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Spirit AeroSystems whistleblower says 737 fuselages sent to Boeing with defects

A former quality manager at Spirit AeroSystems, and now whistleblower, has alleged that 737 MAX fuselages were sent on to Boeing with serious defects.  

Santiago Paredes, who worked for Spirit AeroSystems between 2010 and 2022, told the BBC and CBS News in an exclusive interview that he would find “anywhere from 50 to 100, 200” defects (some more serious than others) on fuselages that were being prepared to be sent to Boeing.  

“I was finding a lot of missing fasteners, a lot of bent parts, sometimes even missing parts,” Paredes said during his interview.  

What’s more Paredes claimed that he felt under pressure to be less thorough with his inspections and even earned the nickname, “showstopper”. 

“They just wanted the product shipped out. They weren’t focused on the consequences of shipping bad fuselages. They were just focused on meeting the quotas, meeting the schedule, meeting the budget… If the numbers looked good, the state of the fuselages didn’t really matter,” Paredes claimed. 

‘Working at Spirit, I almost grew a fear of flying’

Paredes also told CBS that during his time at the Spirit facility in Wichita, Kansas, he often found problems around the same aircraft door plug that was separated from an Alaska Airlines 737 MAX 8 jet on January 5, 2024. 

“Working at Spirit, I almost grew a fear of flying. Knowing what I know about the 737, it makes me very uncomfortable when I fly on one of them,” Paredes told NBC.  

In his interview with the BBC, Paredes alleged that Boeing knew Spirit were sending fuselages with defects.   

According to the BBC, Paredes was eventually told by one of his seniors to alter the way he reported defects, thus reducing the overall number.  

After objecting, the former US Air Force airman was demoted and relocated to another area at the factory.  

Paredes was subsequently reinstated after he filed an “ethics complaint” with Spirit, which was partially upheld. 

‘My last cry for help’

Paredes wrote in an email to the Spirit CEO Tom Gentile at the time and said: “I have lost faith on the quality organization here at Spirit and this is my last cry for help.”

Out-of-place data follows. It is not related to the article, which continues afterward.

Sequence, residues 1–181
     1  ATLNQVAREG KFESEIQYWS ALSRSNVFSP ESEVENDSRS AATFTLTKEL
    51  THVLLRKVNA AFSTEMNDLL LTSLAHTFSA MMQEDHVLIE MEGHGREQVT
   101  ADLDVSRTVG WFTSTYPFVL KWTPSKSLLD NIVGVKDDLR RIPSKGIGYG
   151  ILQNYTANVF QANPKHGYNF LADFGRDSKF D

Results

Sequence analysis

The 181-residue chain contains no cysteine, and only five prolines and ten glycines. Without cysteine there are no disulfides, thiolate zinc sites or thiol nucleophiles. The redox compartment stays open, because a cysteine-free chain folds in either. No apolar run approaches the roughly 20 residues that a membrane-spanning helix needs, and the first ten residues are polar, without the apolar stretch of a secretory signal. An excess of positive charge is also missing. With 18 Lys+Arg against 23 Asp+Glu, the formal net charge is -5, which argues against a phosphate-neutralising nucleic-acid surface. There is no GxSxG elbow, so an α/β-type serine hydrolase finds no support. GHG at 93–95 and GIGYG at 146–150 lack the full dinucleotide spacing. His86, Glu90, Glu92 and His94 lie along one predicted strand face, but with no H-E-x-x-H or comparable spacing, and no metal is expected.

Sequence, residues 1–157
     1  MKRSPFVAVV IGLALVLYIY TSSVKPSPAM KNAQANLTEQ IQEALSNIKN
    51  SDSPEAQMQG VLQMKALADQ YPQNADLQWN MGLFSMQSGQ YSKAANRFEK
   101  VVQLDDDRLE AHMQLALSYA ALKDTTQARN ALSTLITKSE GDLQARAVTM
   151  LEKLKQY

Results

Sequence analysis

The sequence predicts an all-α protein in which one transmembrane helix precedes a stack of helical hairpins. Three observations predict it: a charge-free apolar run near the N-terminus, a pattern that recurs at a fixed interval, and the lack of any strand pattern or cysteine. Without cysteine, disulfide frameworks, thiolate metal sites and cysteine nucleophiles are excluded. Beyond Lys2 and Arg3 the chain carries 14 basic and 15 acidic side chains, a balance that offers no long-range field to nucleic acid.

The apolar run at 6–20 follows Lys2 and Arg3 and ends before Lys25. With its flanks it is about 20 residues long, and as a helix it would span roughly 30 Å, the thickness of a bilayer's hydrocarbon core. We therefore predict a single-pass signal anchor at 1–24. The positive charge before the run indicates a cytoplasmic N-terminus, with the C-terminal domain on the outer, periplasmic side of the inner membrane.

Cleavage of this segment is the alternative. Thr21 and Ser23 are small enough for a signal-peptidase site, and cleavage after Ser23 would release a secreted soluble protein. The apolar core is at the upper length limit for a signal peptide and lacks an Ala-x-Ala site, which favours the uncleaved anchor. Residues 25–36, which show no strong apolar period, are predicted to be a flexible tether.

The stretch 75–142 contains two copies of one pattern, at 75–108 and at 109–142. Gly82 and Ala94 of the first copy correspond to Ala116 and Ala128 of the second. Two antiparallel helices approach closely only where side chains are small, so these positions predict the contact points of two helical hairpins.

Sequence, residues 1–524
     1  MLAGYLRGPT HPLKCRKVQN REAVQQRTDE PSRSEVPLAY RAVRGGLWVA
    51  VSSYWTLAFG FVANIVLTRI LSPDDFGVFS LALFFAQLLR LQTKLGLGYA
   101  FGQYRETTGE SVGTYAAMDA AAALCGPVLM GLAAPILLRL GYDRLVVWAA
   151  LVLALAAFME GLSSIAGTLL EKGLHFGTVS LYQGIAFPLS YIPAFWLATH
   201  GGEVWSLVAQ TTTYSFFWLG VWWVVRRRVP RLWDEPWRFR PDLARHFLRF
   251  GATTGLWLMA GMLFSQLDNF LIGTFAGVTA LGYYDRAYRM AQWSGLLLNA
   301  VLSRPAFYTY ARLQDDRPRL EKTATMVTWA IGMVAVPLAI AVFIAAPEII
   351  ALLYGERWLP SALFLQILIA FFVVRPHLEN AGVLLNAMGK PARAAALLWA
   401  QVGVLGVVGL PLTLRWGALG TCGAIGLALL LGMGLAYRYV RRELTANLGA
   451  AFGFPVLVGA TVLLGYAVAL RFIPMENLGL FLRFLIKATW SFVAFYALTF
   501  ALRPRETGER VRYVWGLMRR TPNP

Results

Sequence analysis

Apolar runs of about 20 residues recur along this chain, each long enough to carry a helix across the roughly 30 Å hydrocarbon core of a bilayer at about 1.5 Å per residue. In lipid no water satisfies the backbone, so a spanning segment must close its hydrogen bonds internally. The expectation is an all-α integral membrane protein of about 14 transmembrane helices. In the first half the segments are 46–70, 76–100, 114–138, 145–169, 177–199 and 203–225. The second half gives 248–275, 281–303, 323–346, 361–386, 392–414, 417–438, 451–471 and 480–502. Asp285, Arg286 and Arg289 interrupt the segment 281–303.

Despite being reinstated to his leadership role Paredes, who now says he is reluctant to fly on a 737 MAX, decided to leave Spirit.  

In a statement Spirit told the BBC that it “strongly disagree[d]” with the allegations while Boeing told CBS that it had long had a team in place that finds and fixes defects in fuselages that arrive from Spirit.  

A spokesperson for Boeing added that since March 2024, engineers for the company have been checking all fuselages at the Spirit factory as they come off the production line.    

Spirit shareholder lawsuit

Paredes’ allegations are part of a lawsuit against Spirit by shareholders in which he claims there were “widespread quality failures” at the company. Spirit told CBS the allegations are “unfounded.” 

Boeing is understood to be in talks to buy back Spirit, which was once part of the same organization. 

Since the Alaska Airlines plug door blowout on January 5, 2024, Boeing and Spirit have both been criticized by the Federal Aviation Administration (FAA). 

As part of an audit of the two companies following the Alaska accident the FAA said it found “multiple instances where the companies allegedly failed to comply with manufacturing quality control requirements”.   

The plug door on the Alaska Airlines 737-9 was fitted by Spirit but was subsequently removed by Boeing staff during assembly for further maintenance work.  

The post Spirit AeroSystems whistleblower says 737 fuselages sent to Boeing with defects appeared first on AeroTime.

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